Born in Belfast in 1914, Orr achieved a first-class-honours BA in Philosophy and received an MA with special commendation at Queen's University before commencing his teaching career at the University of St Andrews and the University of Melbourne. In 1952 he was appointed to the chair of philosophy at the University of Tasmania, after falsifying his academic record in his application. In 1955 the University dismissed him for sexual relations with an undergraduate student. He denied the accusation but his appeals to the Tasmanian Supreme Court and the High Court of Australia were unsuccessful. Many academics believed Orr had been denied due process and his position was declared "black". Many also thought that Orr had been made a scapegoat due to his openly challenging the University authorities. Orr died in 1966, shortly after reaching a monetary settlement with the University.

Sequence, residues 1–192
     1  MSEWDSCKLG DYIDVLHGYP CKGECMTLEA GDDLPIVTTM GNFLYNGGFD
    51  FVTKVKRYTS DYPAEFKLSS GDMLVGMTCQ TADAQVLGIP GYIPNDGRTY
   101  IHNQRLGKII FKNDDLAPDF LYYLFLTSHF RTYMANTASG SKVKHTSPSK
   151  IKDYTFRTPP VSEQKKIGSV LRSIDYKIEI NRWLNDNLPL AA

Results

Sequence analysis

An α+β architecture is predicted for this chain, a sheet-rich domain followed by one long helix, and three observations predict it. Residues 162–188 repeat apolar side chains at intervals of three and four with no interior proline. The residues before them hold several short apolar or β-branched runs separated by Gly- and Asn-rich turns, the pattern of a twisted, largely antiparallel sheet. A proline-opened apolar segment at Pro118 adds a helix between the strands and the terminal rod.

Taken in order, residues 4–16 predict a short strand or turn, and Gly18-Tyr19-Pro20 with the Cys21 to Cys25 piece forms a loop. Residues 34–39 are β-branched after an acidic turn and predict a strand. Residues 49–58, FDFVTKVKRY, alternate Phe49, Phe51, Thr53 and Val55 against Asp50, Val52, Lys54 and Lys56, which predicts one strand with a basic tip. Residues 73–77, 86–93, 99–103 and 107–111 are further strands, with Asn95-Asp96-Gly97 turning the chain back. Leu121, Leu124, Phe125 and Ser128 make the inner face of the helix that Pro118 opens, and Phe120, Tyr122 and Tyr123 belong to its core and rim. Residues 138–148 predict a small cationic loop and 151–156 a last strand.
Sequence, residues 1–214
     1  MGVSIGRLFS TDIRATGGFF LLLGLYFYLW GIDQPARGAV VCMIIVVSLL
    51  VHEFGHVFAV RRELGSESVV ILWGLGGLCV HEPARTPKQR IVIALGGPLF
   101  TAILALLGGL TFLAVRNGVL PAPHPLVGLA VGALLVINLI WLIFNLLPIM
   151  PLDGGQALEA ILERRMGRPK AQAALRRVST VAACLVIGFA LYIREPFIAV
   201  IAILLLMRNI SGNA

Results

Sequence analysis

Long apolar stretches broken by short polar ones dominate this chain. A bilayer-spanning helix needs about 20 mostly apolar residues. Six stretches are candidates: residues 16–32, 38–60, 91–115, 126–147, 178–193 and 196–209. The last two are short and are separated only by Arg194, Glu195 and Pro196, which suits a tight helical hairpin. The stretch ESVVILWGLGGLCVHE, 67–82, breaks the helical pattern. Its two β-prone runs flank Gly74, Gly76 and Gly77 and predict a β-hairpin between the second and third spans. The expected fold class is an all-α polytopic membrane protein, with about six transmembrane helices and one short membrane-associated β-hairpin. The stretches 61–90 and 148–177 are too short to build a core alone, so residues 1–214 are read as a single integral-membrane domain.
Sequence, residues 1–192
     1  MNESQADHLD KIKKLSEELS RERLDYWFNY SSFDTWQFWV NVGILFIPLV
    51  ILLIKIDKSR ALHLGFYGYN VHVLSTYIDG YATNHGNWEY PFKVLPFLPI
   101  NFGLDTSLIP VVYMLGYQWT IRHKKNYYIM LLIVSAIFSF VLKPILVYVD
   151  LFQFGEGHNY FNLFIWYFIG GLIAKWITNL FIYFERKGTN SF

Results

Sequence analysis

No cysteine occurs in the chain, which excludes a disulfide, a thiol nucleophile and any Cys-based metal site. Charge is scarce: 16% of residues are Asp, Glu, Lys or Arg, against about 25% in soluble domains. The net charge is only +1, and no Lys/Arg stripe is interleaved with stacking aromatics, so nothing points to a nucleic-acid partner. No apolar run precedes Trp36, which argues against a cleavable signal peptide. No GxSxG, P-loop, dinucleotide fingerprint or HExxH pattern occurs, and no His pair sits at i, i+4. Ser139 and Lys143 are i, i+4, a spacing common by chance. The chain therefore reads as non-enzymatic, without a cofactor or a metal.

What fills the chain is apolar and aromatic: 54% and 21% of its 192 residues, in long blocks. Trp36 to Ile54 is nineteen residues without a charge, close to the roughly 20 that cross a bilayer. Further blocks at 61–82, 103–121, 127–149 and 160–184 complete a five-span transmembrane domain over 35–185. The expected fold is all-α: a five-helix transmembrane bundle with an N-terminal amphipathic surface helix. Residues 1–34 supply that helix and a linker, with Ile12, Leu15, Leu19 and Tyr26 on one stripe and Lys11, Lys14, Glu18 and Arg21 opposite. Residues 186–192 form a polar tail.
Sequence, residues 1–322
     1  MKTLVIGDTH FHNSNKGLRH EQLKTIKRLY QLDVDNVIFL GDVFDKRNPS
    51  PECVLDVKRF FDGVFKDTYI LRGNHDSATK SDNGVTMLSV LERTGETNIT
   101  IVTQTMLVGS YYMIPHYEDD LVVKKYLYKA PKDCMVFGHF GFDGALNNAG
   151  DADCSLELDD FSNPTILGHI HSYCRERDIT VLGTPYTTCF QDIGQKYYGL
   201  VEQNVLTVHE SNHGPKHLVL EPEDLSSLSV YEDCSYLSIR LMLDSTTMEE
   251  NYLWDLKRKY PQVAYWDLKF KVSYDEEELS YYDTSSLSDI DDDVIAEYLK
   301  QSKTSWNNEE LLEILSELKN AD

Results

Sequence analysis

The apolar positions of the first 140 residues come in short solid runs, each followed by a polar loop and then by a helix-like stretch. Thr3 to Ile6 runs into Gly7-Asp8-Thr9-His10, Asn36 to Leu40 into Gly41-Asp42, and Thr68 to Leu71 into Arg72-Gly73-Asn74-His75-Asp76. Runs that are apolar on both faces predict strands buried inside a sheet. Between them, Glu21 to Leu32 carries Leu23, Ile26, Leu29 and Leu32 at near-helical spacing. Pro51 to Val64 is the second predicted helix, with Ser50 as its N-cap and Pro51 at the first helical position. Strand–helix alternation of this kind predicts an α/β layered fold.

Clyde Manwell and C. M. Ann Baker (1986) "Not Merely Malice": The University of Tasmania Versus Professor Orr, in Brian Martin, C. M. Ann Baker, Clyde Manwell and Cedric Pugh (eds.), Intellectual Suppression. Australian Case Histories, Analysis and Responses, Angus and Robertson, North Ryde (NSW) pp. 39–49
Cassandra Pybus (1994) Seduction and Consent: A Case of Gross Moral Turpitude, Mandarin, Port Melbourne
J. Franklin (2003) Corrupting the Youth: A History of Philosophy in Australia, Macleay Press, ch. 3
Orr v University of Tasmania (1957) 100 Commonwealth Law Reports 526